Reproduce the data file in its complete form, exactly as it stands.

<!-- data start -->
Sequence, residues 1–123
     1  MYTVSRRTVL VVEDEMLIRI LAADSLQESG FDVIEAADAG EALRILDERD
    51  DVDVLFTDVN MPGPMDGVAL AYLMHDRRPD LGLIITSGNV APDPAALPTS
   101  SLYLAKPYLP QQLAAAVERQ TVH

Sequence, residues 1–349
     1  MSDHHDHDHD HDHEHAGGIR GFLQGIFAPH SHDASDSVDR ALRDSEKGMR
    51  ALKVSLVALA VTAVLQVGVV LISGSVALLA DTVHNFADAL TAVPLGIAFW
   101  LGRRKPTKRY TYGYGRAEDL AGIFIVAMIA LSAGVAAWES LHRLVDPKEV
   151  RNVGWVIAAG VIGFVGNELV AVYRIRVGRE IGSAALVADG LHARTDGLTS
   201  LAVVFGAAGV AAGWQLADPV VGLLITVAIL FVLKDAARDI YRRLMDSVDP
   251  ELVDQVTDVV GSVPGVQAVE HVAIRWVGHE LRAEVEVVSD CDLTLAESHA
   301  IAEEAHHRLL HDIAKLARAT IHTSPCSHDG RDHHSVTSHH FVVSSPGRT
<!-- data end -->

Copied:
Sequence, residues 1–123
     1  MYTVSRRTVL VVEDEMLIRI LAADSLQESG FDVIEAADAG EALRILDERD
    51  DVDVLFTDVN MPGPMDGVAL AYLMHDRRPD LGLIITSGNV APDPAALPTS
   101  SLYLAKPYLP QQLAAAVERQ TVH

Sequence, residues 1–349
     1  MSDHHDHDHD HDHEHAGGIR GFLQGIFAPH SHDASDSVDR ALRDSEKGMR
    51  ALKVSLVALA VTAVLQVGVV LISGSVALLA DTVHNFADAL TAVPLGIAFW
   101  LGRRKPTKRY TYGYGRAEDL AGIFIVAMIA LSAGVAAWES LHRLVDPKEV
   151  RNVGWVIAAG VIGFVGNELV AVYRIRVGRE IGSAALVADG LHARTDGLTS
   201  LAVVFGAAGV AAGWQLADPV VGLLITVAIL FVLKDAARDI YRRLMDSVDP
   251  ELVDQVTDVV GSVPGVQAVE HVAIRWVGHE LRAEVEVVSD CDLTLAESHA
   301  IAEEAHHRLL HDIAKLARAT IHTSPCSHDG RDHHSVTSHH FVVSSPGRT